The RDH is also provided with a sheet separator finger and stack height sensor 91 to separate the documents to be fed from those documents returned to the document handler. Upon removal of the last document from beneath sheet separator arm 91, the arm 91 drops through a slot provided in the document supply tray. Suitable sensors are provided to sense that the last document in the set has been removed from the tray and the finger is then rotated in a clockwise direction to again come to rest on the top of the documents in the stack prior to subsequent recirculation of the document set. In order to insure that the mechanical tolerances between stack height detection system 90 and the document support tray are compensated for, a method for calibrating the stack height detection system is included. In use of this calibration method, a single document is placed in the document tray and the stack height arm 91 is flipped onto the document and pulses are counted as earlier described. This difference in pulses represents the "one sheet case." Essentially, the mechanical tolerances become unimportant because this procedure enables one to determine an accurate and repeatable location for the first sheet in the stack. The controller then stores this number in non-volatile memory and uses it to create a table of values for various document stack heights by adding constant values to the originally obtained "one sheet case" value. Each of the added values represent the effect of additional documents. For example, 100 documents in the tray will be the "one sheet case" value+20 pulses.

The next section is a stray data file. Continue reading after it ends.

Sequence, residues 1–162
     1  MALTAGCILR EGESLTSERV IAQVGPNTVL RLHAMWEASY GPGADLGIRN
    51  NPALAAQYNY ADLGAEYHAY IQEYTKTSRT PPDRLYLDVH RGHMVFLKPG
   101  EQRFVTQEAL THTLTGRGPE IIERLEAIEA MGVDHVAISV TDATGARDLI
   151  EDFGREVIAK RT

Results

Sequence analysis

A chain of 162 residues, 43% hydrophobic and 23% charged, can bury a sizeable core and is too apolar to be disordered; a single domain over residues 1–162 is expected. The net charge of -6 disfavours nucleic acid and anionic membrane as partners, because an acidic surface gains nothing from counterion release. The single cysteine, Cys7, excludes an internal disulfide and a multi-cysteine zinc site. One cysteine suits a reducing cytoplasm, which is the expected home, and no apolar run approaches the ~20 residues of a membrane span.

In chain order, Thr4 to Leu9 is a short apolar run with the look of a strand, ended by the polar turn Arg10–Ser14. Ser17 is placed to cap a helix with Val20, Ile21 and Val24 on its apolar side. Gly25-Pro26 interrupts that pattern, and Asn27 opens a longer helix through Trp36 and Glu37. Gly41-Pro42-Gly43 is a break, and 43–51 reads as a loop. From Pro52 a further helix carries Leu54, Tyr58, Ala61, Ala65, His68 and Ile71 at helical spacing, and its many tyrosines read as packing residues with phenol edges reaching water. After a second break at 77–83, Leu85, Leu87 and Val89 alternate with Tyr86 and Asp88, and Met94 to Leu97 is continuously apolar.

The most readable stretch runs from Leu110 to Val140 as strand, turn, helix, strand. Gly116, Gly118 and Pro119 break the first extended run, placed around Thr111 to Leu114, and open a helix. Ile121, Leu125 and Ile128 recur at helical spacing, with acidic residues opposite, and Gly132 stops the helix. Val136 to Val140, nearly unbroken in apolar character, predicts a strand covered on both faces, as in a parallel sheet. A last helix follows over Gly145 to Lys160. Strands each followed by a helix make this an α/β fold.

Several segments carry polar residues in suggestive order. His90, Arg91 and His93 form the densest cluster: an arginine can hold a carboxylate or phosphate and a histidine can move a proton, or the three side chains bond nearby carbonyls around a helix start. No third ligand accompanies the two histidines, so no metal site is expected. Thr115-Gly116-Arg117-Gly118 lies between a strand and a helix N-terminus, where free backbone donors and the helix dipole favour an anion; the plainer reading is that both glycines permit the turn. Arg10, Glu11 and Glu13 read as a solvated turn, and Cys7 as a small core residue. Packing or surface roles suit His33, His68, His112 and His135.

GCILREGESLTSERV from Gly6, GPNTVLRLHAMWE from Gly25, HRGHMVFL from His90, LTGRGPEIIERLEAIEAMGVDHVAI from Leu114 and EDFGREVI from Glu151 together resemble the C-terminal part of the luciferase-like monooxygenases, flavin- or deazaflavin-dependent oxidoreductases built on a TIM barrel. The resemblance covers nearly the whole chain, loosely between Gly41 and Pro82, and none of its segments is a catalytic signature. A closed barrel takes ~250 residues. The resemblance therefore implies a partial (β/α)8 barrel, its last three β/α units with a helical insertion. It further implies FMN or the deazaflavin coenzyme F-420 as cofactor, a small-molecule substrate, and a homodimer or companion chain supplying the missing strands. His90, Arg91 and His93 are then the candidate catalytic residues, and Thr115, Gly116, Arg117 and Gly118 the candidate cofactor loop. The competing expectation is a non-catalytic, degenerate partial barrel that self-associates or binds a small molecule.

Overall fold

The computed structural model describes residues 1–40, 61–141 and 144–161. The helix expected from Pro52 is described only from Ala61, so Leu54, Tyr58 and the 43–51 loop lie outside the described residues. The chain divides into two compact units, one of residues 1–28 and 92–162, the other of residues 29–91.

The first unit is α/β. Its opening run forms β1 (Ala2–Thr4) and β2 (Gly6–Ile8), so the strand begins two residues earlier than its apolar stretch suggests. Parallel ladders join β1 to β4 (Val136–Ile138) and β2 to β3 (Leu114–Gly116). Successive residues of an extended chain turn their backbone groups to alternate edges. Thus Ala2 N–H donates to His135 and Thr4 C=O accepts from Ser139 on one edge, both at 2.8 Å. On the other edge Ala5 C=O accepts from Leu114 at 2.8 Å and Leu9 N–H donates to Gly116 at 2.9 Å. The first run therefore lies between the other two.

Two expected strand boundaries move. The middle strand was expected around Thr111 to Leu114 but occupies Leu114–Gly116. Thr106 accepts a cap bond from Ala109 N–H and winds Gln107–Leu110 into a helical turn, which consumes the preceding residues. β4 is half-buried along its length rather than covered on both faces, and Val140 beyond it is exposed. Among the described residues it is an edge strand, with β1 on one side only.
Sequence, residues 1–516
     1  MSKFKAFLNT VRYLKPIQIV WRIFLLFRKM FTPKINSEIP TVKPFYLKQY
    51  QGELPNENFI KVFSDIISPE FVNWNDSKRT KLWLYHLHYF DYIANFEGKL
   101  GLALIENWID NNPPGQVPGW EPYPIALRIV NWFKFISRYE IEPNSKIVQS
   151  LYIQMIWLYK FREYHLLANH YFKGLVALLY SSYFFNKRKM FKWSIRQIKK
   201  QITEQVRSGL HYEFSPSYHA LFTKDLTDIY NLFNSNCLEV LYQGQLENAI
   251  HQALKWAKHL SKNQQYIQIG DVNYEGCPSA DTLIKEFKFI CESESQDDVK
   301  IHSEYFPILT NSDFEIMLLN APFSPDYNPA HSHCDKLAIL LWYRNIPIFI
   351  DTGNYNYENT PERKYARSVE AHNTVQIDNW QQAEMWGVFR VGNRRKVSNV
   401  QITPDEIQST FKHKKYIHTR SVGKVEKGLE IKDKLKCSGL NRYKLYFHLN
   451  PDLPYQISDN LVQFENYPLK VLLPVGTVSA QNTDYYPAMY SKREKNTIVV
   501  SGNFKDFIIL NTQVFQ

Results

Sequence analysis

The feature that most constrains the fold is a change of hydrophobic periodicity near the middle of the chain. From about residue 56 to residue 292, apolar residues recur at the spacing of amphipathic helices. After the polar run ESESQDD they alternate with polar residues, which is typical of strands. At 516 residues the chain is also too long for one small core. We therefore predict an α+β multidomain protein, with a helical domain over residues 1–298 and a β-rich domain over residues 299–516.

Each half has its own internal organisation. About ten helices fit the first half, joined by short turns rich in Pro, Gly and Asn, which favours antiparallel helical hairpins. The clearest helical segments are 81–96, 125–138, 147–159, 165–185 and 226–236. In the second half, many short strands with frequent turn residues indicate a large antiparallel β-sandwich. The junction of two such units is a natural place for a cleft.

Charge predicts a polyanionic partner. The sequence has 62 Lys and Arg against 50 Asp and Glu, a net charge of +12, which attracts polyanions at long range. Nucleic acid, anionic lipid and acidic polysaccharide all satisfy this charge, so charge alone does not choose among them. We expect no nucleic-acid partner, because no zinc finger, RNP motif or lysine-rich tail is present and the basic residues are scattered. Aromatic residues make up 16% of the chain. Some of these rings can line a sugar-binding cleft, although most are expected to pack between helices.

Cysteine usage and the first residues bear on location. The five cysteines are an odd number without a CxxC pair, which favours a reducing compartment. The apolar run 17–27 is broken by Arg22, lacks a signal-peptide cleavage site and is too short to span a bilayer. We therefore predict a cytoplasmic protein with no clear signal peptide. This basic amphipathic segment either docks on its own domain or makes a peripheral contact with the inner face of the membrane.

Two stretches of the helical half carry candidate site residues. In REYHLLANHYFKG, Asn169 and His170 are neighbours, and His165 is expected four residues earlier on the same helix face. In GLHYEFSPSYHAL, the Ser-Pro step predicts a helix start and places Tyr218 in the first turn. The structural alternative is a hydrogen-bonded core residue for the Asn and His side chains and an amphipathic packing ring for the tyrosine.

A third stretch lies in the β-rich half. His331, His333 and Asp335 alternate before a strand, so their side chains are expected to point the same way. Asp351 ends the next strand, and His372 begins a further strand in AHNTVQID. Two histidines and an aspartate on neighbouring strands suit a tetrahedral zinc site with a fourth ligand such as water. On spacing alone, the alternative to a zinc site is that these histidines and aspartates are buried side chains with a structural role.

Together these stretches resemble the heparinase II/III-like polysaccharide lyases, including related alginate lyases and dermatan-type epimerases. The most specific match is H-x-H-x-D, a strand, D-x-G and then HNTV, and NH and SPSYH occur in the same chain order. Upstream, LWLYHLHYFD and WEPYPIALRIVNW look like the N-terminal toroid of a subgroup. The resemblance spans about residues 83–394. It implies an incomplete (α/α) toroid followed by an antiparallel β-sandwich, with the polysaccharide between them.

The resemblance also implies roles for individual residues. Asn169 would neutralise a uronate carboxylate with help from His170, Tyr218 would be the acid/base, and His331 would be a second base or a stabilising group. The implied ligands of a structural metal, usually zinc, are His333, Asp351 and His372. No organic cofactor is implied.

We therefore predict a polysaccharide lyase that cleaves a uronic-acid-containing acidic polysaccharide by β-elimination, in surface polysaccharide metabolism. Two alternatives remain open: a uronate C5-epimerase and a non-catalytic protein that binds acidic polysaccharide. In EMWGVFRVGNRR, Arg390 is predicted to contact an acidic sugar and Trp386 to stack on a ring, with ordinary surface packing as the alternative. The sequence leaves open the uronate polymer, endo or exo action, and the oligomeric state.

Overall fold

It should now be understood that a solution to the machine-to-machine hardware variability between the RDH stack height and the set separator travel distance in a machine in which calibration of a table of values is obtained by noting the set separator arm motion for a single document. An encoder is used on the set separator arm with automatic data transfer rather than an optical sensor.
The calibration method is used at machine build, install and whenever there is any alteration in the stack height detection system hardware of document support ray. It should be understood that this separation finger calibration method customizes the separation finger positions for the particular machine and location.
|Cited Patent||Filing date||Publication date||Applicant||Title|
|US4296406 *||Dec 28, 1979||Oct 20, 1981||Sperry Corporation||Pressure sensitive switch structure|
|US4418905 *||Nov 2, 1981||Dec 6, 1983||Xerox Corporation||Sheet feeding apparatus|
|US4469320 *||May 3, 1982||Sep 4, 1984||Xerox Corporation||Dual mode stack sensor|
|US4489645 *||Mar 5, 1982||Dec 25, 1984||Glatt Maschinen - Und Apparatebau Ag||Air conditioned room and method for using same|
|1||Michael S. Doery, "Adaptive Algorithm for RDH's (ABC Equation)", Xerox Disclosure Journal, vol. 9, No. 6, Nov./Dec., p. 393(1984).|